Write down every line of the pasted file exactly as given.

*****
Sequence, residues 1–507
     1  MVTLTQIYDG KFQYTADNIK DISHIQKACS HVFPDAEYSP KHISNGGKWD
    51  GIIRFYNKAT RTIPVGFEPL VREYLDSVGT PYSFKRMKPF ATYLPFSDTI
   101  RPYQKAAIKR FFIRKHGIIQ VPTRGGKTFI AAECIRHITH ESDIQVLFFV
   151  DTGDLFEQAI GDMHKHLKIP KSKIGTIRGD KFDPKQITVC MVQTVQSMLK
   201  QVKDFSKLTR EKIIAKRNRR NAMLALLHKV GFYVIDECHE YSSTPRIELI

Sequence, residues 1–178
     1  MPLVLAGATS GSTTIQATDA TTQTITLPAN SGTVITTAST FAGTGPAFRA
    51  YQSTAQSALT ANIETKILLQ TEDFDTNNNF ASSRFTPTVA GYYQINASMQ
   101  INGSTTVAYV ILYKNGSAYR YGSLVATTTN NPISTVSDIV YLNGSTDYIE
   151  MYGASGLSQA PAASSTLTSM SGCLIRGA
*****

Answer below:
Sequence, residues 1–507
     1  MVTLTQIYDG KFQYTADNIK DISHIQKACS HVFPDAEYSP KHISNGGKWD
    51  GIIRFYNKAT RTIPVGFEPL VREYLDSVGT PYSFKRMKPF ATYLPFSDTI
   101  RPYQKAAIKR FFIRKHGIIQ VPTRGGKTFI AAECIRHITH ESDIQVLFFV
   151  DTGDLFEQAI GDMHKHLKIP KSKIGTIRGD KFDPKQITVC MVQTVQSMLK
   201  QVKDFSKLTR EKIIAKRNRR NAMLALLHKV GFYVIDECHE YSSTPRIELI

Sequence, residues 1–178
     1  MPLVLAGATS GSTTIQATDA TTQTITLPAN SGTVITTAST FAGTGPAFRA
    51  YQSTAQSALT ANIETKILLQ TEDFDTNNNF ASSRFTPTVA GYYQINASMQ
   101  INGSTTVAYV ILYKNGSAYR YGSLVATTTN NPISTVSDIV YLNGSTDYIE
   151  MYGASGLSQA PAASSTLTSM SGCLIRGA